(obsolete) loss of vital power or strength, esp as the result of illness; weakness or debility
At this stage of the disease, in which adynamia predominates, everything must tend to support the organism.
On the cattle plague: or, Contagious typhus in horned cattle. Its history, origin, description, and treatment Honor Bourguignon
Again, the adynamia of malarial attacks is generally ascribable to some cause not essential to those affections.
A System of Practical Medicine by American Authors, Vol. I Various
adynamia a·dy·nam·i·a (ā’dī-nām’ēə, ād’ə-nā’mē-ə)
Loss of strength or vigor, usually because of disease.
- Adynamic ileus
adynamic ileus adynamic ileus a·dy·nam·ic ileus (ā’dī-nām’ĭk, ād’ə-) n. See paralytic ileus.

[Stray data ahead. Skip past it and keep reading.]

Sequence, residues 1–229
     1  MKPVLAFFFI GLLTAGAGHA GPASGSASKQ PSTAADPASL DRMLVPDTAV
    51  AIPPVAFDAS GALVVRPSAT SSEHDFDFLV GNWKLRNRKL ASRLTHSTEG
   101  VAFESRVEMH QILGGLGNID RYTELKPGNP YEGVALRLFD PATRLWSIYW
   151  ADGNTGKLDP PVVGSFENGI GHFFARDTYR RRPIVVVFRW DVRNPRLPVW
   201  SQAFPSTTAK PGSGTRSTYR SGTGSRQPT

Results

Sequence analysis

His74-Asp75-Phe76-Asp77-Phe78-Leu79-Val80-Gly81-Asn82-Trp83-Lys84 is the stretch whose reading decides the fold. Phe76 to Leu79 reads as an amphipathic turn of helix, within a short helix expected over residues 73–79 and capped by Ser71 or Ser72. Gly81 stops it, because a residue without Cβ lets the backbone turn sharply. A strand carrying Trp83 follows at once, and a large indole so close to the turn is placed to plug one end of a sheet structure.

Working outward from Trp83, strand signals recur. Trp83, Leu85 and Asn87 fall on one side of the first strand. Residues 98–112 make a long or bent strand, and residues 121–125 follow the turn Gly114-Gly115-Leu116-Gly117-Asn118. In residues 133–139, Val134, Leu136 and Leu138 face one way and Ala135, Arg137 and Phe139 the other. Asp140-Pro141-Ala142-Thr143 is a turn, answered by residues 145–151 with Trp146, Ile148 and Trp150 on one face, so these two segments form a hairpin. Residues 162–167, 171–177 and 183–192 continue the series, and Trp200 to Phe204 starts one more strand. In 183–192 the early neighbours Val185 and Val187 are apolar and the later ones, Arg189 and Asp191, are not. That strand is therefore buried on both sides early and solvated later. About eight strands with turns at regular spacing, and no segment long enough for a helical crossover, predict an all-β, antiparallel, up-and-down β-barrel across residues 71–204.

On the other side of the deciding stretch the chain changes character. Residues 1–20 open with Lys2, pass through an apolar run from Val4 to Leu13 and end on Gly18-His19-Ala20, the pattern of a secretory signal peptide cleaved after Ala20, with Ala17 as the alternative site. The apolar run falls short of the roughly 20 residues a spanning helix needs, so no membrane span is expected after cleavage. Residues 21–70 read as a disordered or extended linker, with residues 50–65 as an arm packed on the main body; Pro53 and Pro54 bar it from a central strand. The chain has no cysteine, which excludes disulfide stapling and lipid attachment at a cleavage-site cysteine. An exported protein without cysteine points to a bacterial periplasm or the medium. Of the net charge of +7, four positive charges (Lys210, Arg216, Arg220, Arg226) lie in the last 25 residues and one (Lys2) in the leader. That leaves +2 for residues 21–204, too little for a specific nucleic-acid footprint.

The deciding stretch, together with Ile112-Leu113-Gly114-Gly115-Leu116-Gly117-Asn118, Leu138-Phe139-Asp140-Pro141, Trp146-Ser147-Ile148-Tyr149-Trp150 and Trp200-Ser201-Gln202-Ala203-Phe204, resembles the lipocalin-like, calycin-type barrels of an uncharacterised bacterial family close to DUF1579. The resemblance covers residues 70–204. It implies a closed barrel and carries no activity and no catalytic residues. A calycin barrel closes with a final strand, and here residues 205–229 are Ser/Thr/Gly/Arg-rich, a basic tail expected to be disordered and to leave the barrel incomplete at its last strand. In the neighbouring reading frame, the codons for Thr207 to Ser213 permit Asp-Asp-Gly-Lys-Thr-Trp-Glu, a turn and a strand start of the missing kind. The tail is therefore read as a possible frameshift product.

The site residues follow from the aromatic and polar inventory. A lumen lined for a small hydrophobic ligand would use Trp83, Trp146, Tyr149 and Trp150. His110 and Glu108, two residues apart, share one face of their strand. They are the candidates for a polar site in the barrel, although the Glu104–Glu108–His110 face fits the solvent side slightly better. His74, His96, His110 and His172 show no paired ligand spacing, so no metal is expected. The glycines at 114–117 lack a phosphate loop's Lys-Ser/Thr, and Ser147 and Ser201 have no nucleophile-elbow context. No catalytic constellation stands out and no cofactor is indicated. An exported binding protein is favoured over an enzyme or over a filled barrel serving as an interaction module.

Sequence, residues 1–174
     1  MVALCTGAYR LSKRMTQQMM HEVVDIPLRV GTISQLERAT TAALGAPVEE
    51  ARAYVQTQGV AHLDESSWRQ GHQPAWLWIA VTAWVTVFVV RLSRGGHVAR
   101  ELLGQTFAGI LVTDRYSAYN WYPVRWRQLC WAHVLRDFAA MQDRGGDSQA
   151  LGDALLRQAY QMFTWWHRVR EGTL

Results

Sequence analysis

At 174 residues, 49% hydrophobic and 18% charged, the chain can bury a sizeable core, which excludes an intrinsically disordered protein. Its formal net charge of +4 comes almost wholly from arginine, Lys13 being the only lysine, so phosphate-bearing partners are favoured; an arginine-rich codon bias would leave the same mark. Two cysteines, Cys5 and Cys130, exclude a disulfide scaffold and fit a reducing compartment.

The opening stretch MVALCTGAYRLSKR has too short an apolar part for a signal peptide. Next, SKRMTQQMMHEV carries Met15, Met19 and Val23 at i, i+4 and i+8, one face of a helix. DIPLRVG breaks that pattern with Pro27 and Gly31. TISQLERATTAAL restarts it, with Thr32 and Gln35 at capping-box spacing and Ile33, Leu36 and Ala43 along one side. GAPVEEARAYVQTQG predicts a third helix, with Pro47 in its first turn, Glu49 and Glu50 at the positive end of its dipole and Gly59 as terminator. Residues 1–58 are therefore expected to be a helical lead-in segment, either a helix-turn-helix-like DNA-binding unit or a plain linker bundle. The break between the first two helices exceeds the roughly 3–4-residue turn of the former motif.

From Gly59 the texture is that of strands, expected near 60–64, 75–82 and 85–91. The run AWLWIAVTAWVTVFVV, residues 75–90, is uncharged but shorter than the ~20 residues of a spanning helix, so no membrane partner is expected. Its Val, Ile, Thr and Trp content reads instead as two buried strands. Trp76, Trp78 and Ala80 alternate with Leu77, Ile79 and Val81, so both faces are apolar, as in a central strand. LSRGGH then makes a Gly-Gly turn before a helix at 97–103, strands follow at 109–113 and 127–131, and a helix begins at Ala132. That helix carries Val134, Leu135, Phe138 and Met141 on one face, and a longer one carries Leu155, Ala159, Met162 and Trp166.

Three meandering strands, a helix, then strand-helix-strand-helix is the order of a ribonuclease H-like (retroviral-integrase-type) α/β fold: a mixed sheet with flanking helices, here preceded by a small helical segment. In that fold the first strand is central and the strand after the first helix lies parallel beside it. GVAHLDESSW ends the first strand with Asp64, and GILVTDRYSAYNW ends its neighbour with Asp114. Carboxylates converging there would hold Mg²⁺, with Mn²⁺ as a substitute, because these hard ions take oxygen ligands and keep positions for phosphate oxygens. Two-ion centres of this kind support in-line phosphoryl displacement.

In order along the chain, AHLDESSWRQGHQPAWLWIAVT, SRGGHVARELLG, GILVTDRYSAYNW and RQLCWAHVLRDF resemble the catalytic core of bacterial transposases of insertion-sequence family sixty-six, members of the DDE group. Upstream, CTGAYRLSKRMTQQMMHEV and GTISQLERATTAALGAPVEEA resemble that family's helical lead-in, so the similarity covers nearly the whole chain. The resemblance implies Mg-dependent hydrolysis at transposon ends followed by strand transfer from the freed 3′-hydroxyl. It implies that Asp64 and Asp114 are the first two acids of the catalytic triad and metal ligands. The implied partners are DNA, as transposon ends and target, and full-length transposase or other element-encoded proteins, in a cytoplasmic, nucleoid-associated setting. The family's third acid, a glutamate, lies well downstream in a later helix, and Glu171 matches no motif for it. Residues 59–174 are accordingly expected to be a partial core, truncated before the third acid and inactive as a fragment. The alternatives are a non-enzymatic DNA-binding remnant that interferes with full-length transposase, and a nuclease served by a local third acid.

(in ancient worship) a sacred place that the public was forbidden to enter; an inner shrine. the most sacred or reserved part of any place of worship. Historical Examples What wonderful things they have heard from the adyta themselves! Arguments Of Celsus, Porphyry, And The Emperor Julian, Against The Christians Thomas Taylor noun (pl) -ta […]
(in ancient worship) a sacred place that the public was forbidden to enter; an inner shrine. the most sacred or reserved part of any place of worship. Historical Examples Author’s hospitable reception there, and admission to the adytum, 119. An Account of Timbuctoo and Housa Territories in the Interior of Africa Abd Salam Shabeeny I […]
an axlike tool, for dressing timbers roughly, with a curved, chisellike steel head mounted at a right angle to the wooden handle. to dress or shape (wood) with an adz. Historical Examples At such times he made what was in the nature of a spring for the door, explaining later that he had been to […]